Rick Lytle, Online Editor-in-Chief

There are 151 days until the Cubs and White Sox play again, the NFL trade deadline passed and Mitch Trubisky is still our quarterback, the Blackhawks are 3-5-2 and we can hope for an average at best season from the Bulls. What do we need? NCAA Football ‘20. 

The legendary (but currently discontinued) video game is centered around NCAA College Football. Starting with ‘Bill Walsh College Football’ in 1993 and ending with ‘NCAA Football 14’, the 21 releases were all part of one of the most successful series that EA Sports has developed. The final edition EA Sports created, NCAA Football 14, sold over one million copies. 

On Oct. 29, 2019, the NCAA Board of Governors, under pressure from some state governments, unanimously agreed to begin the process of amending rules relating to players profiting from their likeness and image. This decision appears to be a step towards reversing the rules that led to the game being discontinued. Players not being allowed to profit from appearing in the game was part of a dispute that led to the series ceasing production. If the players can in fact profit, the door could be opened for a return to video games featuring collegiate sports and athletes.

Assuming the players are interested in making money, which would seem like a logical conclusion, then the ball would be in EA’s court. At a conference earlier in October, EA CEO Andrew Wilson said EA “would jump for the opportunity” to return to making their video games featuring college sports. As for the NCAA? Many hurdles remain.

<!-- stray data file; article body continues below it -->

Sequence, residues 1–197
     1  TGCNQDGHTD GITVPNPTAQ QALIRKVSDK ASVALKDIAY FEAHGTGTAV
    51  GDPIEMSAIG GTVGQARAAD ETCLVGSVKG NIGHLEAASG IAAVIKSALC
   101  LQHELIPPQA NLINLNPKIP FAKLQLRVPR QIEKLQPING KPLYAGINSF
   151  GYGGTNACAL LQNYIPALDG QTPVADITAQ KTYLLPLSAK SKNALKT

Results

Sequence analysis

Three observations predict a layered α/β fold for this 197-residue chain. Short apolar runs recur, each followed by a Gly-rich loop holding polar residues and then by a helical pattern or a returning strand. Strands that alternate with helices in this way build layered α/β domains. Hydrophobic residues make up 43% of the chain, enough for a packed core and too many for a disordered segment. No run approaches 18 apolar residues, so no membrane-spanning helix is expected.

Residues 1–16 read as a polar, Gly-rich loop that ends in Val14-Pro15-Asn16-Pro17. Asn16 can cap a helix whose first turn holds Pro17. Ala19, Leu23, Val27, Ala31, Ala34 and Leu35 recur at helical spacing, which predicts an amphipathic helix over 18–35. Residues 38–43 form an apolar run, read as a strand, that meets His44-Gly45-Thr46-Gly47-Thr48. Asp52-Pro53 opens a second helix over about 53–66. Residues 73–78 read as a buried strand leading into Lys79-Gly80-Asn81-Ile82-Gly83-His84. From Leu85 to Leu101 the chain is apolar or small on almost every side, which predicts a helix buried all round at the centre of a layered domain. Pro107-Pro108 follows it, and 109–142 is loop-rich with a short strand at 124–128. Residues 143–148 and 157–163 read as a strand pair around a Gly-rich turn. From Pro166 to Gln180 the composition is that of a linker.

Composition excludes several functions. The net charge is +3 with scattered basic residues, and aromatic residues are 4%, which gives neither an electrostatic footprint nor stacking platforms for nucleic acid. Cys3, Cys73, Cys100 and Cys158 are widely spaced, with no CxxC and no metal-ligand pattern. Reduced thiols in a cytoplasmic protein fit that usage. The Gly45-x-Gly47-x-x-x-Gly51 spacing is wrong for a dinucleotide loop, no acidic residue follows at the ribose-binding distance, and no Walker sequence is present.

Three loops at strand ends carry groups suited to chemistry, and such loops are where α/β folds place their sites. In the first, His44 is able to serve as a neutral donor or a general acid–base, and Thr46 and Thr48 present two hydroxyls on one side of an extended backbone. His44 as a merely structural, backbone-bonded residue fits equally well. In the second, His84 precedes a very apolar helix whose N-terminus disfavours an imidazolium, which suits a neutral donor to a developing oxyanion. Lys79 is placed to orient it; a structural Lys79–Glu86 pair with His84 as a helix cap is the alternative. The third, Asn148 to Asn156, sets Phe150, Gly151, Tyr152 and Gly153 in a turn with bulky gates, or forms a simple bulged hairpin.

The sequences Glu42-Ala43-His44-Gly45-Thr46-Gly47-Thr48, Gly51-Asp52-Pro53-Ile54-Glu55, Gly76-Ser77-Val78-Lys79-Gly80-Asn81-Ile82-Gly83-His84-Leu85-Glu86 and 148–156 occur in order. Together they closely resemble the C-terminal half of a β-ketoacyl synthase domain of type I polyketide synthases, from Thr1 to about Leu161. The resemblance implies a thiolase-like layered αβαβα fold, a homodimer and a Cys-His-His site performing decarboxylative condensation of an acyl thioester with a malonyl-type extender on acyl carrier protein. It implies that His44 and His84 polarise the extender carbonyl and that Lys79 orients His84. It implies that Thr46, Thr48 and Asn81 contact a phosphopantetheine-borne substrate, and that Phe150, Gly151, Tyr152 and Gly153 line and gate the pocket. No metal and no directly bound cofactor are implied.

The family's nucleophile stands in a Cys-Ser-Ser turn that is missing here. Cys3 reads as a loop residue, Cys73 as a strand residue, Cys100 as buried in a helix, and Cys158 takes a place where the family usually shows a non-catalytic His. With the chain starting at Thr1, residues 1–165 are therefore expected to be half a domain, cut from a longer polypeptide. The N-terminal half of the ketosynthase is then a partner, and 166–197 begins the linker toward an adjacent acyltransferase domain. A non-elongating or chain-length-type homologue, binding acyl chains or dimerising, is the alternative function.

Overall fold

The NCAA Board of Governors certainly didn’t want to support college athletes getting paid in certain circumstances, claiming it would be the end of amateurism in college sports. The California state government forced their hand when they passed California Senate Bill 206, more commonly known as the Fair Pay to Play Act, which was signed into law by California Gov. Gavin Newsom on Sept. 30. In short, the bill required that by 2023, NCAA athletes in California would be able to profit from their name, image, and likeness. With other states beginning to introduce similar legislation, the NCAA became worried about a competitive inequality between member schools. The announcement today is a result of these events. 

While the depth and effect of the announcement today is not yet fully understood, we may have just moved a step closer to lifting the College Football Playoff National Championship trophy with Joe Burrow (or Coach O, your choice), throwing for 400 yards and rushing for another 200 with Justin Fields or, if you really want to ruin you friendship, running the option with Jalen Hurts and the rest of the Sooners backfield the entire game.